While cities do not have jurisdiction outside their boundaries "in the absence of * * * power conferred" (Dean Milk Co. v. City of Elgin, 405 Ill. 204), it is "competent for the legislature, of course, to confer such power" (McQuillin, Municipal Corporations, sec. 15.30), and when granted, it is effective extraterritorially. Chicago Packing and Provision Co. v. City of Chicago, 88 Ill. 221.

With express statutory authority to enact anti-pollution ordinances, effective outside the city limits in the area considered here, it is not necessary to consider the authority to prevent nuisances or to enact general police power ordinances. It is evident from the wording of the ordinance that it was meant to be enacted pursuant to such express statutory grants of power. The ordinance first describes land (all of which is located within ten miles of the city's corporate limits and constitutes the watershed of the city lake) that is said to include streams or sources of water for the supply of the impounding reservoirs and waterworks system of the city. It then recites that in order to protect the water supply it is necessary to prohibit drilling of oil and gas wells in said area and that it is "deemed expedient and necessary to take immediate action to prohibit drilling and operations for oil and gas wells within the immediate drainage area of said water supply in order to prevent pollution of said above described water source." Accordingly, the ordinance prohibits the drilling, operating or causing to be operated of any oil or gas well in the area. And the evidence discloses by undisputed maps, that both of the defendants' well sites are less than eight miles from the city and within the designated drainage area.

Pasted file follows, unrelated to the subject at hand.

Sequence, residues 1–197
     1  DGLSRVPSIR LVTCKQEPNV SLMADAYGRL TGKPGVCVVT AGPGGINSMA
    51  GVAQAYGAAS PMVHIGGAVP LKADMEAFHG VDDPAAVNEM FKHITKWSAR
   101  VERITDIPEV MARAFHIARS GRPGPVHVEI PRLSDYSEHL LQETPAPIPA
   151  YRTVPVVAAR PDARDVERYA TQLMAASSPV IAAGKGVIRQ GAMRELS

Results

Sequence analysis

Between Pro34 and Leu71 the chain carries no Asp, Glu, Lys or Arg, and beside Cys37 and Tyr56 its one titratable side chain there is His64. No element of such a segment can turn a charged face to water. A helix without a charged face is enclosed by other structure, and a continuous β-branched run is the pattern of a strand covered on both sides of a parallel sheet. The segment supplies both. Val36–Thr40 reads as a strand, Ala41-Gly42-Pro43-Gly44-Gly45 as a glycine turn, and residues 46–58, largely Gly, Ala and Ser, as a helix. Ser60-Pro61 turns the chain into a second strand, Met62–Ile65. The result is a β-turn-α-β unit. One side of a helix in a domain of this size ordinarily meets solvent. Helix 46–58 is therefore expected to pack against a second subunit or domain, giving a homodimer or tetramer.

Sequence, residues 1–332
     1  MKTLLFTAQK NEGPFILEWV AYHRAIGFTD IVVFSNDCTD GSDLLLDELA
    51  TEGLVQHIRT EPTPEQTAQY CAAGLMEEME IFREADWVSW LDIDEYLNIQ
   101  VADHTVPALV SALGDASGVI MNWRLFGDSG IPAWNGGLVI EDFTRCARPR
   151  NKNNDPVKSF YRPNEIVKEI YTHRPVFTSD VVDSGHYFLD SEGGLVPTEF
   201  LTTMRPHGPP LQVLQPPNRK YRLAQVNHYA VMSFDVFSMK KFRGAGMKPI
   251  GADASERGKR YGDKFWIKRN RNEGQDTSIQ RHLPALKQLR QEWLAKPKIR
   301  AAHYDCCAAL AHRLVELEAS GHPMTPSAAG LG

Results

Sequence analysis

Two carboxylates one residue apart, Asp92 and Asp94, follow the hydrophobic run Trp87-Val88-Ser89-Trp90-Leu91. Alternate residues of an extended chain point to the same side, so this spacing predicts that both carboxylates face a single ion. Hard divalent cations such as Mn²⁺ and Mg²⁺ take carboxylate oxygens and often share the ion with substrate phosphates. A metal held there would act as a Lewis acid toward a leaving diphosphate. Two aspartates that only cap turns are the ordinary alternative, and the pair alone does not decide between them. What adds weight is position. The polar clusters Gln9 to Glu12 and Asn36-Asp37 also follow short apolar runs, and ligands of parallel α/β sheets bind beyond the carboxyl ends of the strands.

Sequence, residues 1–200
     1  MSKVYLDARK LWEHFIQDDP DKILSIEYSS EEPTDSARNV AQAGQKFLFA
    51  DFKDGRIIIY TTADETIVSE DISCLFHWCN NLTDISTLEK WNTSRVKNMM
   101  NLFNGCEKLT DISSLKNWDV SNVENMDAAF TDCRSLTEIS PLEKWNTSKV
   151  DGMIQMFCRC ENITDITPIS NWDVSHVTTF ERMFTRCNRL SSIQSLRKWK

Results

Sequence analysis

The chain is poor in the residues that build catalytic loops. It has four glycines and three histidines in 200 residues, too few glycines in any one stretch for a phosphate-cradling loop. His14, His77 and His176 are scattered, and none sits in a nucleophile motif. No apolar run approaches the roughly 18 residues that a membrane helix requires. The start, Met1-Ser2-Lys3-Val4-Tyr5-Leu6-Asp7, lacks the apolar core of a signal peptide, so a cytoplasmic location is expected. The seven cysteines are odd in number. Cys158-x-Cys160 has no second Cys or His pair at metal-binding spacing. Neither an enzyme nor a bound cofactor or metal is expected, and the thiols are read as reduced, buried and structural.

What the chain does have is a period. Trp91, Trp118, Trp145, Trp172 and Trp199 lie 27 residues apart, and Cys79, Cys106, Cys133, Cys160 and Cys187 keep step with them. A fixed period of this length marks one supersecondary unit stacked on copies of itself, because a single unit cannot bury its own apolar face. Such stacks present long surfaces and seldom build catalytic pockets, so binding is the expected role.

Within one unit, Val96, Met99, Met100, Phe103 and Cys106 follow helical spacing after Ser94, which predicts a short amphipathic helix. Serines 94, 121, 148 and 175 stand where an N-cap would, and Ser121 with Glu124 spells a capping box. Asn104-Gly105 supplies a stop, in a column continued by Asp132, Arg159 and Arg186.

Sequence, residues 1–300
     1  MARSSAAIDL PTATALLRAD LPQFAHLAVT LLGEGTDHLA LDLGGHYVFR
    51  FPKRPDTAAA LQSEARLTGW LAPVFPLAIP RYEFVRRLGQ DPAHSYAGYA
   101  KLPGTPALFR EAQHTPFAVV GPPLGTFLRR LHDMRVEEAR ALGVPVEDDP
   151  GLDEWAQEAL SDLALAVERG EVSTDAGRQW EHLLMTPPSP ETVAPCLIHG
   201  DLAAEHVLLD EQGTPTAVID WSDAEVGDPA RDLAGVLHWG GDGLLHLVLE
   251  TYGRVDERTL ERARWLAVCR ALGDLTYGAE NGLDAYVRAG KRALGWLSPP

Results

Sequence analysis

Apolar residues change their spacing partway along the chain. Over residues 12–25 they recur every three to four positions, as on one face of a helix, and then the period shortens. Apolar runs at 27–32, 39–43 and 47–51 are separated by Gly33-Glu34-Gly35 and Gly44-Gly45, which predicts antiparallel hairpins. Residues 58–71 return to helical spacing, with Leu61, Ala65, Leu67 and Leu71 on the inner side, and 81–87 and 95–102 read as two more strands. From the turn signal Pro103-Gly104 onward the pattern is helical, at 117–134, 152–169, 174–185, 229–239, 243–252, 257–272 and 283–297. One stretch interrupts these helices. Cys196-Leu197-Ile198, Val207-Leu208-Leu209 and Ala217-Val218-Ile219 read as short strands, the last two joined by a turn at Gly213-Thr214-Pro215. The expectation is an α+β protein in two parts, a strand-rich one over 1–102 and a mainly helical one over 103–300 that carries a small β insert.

Second, is the ordinance valid as against constitutional objections?

The police power resides in the State, is asserted by the legislature, and embraces all matters reasonably related to the public health and safety, (People v. City of Chicago, 413 Ill. 83,) including the power to protect a public water supply against pollution. (Harvey Realty Co. v. Borough of Wallingford, 111 Conn. 352; cf. Freeport Water Co. v. City of Freeport, 186 Ill. 179, affd. 180 U.S. 587.) It may be delegated to cities regarding public water matters, (Spalding v. City of Granite City, 415 Ill. 274,) and regarding oil well operations affecting the public interest. Adkins v. City of West Frankfort, 51 F. Supp. 532.

Instances of such city regulation protecting a public water supply have been held to include the prohibition of boating or fishing, (Dunham v. City of New Britain, 55 Conn. 378, 11 A. 354,) the prohibition of seaplane operations, (City of Shreveport v. Conrad, 212 La. 737, 33 So.2d 503,) the driving out of trespassing cattle on watershed lands, (Phillips v. City of Golden, 91 Colo. 331, 14 P.2d 1013,) and the addition of fluorides. Krause v. City of Cleveland, (Ohio. Comm. Pl.) 116 N.E.2d 779.

Individual uses of property are subject to the public health and safety requirements of police power action, (Trust Company of Chicago v. City of Chicago, 408 Ill. 91,) including individual uses for oil operations. (Adkins v. City of West Frankfort, 51 F. Supp. 532.) While the latter case actually held void a bond requirement imposing ...